Wild & Scenic Film Festival: 13 film premieres

This year, the Wild and Scenic Film Festival will take place at the Whiteside Theater on Thursday November 17th. “Currents of Hope”-themed shorts will air from around 7:00 p.m. to 9:30 p.m., with the Whiteside offering its usual refreshments as well as beer from Block 15 and wine from Lumos.

Tickets are $20 for adults, $10 for students, and $5 for children 12 and under. Click here to buy online. Tickets will also be available at the entrance. Proceeds support the Corvallis Environmental Center and its mission to connect local youth with nature and healthy food. If you can’t make it to the festival in person, it will be available to stream from November 17-21, and local teachers can get a special in-class version to show their students.

The 13 films of this year’s festival, in the order in which they will be screened:

“In Search of the Salmon”

The opening film of the festival is presented by the non-profit association based in Corvallis Illustrated fresh water, and follows 11-year-old Keyona to a wonderful world of trees, water, and friendly fish. The Salmon Watch program, which gives Northwest students hands-on experience in salmon habitat, is featured.

“Rooted in Culture: The Wild Camas of Oregon”

Camas root has been a staple of the indigenous peoples of the Northwest for thousands of years. Oregon director Michelle Alvorado’s film explores the plant’s history through members of the Confederate tribes of Warm Springs who continue to harvest the roots today.

“My Last Day of Summer”

A lively blend of animation and live action, this short uses the imaginative journey of a young mountain biker to explore issues of wildfires, forest conservation and outdoor adventure.

“SHABA”

This short documentary from director Ami Vitale tells the story of Shaba, a young elephant orphaned when her mother is shot by poachers, and the special bond she forges with the women who groomed her for a return to the nature at the Reteti Elephant Sanctuary in Kenya.

“Vala North”

In the far northern atolls of Papua New Guinea, Chief John Aini is using traditional knowledge to save the enchanting but endangered coral reefs of his home. Vala North offers a beacon of hope in a changing world: hope for the coral reefs around these islands and for the communities that depend on them.

“True savage”

One of North America’s largest wolf packs lives on Ted Turner’s ranch just outside of Bozeman, Montana. This film follows the pack and the wolf expert who studies them, and re-examines the complicated relationship between humans and wolves in the American West.

“Manoeuvres”

Another multimedia entry, this short from Swiss director Sämi Ortlieb combines skiing footage and stop-motion animation to create an exciting new take on skiing adventure film.

“The New Ecologists: Rainforest Action”

The latest in this ongoing series spotlights activists protecting the Earth’s natural resources from exploitation and pollution, while fighting for justice in their communities. Activists in this series are recipients of the Goldman Environmental Prize.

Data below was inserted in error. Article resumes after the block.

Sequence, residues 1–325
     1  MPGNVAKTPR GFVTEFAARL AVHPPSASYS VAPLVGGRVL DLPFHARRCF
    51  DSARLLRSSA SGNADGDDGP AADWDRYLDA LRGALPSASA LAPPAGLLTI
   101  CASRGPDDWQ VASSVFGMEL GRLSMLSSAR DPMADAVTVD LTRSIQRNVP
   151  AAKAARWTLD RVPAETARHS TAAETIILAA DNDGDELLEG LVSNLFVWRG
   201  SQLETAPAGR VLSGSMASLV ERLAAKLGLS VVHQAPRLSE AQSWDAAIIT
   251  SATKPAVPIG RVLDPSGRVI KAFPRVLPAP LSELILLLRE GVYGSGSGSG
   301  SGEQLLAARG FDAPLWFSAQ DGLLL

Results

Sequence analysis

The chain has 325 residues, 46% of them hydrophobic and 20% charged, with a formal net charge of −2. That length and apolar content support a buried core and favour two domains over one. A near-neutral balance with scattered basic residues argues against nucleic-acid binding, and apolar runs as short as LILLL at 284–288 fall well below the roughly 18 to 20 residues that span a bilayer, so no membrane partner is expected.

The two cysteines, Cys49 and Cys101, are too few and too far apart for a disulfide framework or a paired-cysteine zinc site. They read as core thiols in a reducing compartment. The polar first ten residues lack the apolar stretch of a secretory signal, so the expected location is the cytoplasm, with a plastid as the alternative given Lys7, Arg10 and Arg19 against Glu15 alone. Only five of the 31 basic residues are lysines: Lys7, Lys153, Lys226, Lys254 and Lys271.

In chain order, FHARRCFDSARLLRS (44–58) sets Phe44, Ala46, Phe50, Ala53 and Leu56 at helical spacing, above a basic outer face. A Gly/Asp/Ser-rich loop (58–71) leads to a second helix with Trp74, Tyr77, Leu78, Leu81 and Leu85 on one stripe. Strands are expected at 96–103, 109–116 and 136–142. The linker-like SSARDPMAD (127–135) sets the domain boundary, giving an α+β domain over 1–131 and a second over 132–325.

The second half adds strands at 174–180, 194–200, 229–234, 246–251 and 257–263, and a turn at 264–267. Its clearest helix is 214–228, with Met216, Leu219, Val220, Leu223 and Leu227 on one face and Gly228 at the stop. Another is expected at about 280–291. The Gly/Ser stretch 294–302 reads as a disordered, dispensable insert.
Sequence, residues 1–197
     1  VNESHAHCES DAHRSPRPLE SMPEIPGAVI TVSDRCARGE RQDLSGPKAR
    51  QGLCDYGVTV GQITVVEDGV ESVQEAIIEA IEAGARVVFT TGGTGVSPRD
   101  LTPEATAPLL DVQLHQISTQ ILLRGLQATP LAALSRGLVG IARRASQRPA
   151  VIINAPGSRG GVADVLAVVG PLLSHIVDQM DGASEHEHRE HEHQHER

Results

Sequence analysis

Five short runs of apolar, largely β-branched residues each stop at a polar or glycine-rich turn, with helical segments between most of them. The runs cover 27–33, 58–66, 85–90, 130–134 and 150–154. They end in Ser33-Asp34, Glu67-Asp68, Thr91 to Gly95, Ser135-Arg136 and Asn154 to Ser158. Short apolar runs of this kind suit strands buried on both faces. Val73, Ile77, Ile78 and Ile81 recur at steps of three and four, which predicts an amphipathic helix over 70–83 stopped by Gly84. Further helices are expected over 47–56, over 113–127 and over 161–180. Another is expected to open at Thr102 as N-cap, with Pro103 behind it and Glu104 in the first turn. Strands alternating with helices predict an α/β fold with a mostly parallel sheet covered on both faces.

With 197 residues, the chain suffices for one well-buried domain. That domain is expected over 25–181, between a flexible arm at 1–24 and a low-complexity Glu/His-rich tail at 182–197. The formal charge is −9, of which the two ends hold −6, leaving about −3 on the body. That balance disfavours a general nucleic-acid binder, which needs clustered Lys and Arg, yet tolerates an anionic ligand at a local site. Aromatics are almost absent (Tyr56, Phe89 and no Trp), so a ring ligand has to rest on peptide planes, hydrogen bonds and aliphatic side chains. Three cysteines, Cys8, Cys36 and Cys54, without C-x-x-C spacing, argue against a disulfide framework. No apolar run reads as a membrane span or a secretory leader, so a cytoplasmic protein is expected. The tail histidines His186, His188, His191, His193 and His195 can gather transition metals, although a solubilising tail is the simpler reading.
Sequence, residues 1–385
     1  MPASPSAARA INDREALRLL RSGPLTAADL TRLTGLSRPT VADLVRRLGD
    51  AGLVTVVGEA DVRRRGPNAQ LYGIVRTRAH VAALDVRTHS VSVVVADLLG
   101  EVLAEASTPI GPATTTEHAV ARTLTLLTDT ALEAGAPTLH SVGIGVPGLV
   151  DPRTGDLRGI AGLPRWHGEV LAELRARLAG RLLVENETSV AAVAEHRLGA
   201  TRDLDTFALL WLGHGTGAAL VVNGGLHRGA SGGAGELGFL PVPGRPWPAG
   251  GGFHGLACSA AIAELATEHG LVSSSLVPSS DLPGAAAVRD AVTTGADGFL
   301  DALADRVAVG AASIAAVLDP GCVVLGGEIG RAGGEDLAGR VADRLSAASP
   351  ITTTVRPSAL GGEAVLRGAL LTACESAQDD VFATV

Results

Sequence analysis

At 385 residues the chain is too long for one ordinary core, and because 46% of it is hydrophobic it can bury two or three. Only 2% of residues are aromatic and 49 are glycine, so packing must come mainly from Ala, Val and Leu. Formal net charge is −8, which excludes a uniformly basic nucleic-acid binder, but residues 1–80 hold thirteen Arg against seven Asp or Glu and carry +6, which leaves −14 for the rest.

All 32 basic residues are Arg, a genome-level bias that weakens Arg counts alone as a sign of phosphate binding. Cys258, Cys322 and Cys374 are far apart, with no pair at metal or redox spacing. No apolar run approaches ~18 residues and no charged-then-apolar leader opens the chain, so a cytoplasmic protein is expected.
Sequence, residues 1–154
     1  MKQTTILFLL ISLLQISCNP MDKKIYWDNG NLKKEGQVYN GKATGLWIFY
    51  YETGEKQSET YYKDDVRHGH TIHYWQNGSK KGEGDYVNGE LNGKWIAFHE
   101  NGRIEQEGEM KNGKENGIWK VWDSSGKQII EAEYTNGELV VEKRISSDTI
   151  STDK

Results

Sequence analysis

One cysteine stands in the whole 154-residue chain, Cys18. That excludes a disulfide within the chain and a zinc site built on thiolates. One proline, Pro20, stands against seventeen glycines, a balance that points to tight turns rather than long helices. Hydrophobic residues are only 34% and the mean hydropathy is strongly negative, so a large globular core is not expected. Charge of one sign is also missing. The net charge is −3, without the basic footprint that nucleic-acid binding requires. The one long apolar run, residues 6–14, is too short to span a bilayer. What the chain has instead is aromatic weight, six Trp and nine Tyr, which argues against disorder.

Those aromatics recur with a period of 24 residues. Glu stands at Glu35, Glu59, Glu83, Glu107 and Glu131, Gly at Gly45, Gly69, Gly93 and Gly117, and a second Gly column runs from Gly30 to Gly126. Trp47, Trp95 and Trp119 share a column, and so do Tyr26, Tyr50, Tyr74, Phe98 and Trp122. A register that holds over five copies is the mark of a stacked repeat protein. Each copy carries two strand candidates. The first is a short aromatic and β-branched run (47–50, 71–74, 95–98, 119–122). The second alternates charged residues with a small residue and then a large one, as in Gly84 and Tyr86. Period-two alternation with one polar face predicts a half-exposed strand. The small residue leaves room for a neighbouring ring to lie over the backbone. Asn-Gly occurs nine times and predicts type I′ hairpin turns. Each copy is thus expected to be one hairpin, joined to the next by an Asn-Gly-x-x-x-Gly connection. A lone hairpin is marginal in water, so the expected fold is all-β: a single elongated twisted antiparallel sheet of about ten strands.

“TransSend”

This film follows Erin Parisi’s journey as she discovers her own identity as a transgender woman and trains to climb the famous Seven Summits, the tallest peaks on every continent, to raise awareness and awareness of the trans community.

“The Church Forests of Ethiopia”

Ethiopia’s ancient forests have been decimated by agricultural expansion, but pockets of this irreplaceable ecosystem survive around hundreds of churches, “scattered like emerald pearls across the brown sea of ​​agricultural fields”. Forest ecologist Dr Alemayehu Wassie works with priests and local communities to protect these vital islands of forest.

“Guardians of the River”

Back in Oregon and California, this film from American Rivers and Swiftwater Films highlights the struggles and victories of the Yurok people as they work to remove dams on the Klamath River. Scheduled to begin next year, this project will be the largest dam removal in history and restore salmon access to more than 400 miles of habitat.

“Can’t beat this place for fun”

This short film takes you to Flagstaff’s work (and hobby!) shop, Fretwater Boatworks, Arizona, which continues the tradition of wooden boat building. Embodying the legacy of famous river runner and ardent conservationist Martin Litton, the unique characters of the Fretwater team work to conserve a river and a way of life.

“One Star Review: National Parks”

Ending on a light note, the festival’s final film is a short exploration of America’s national parks through their most commendable Yelp reviews. In a society that rates and rates everything, even the most beautiful landscapes in the country cannot avoid bad reviews.

For more information, visit the Corvallis Environmental Center website or email [email protected]

By Ian Rose

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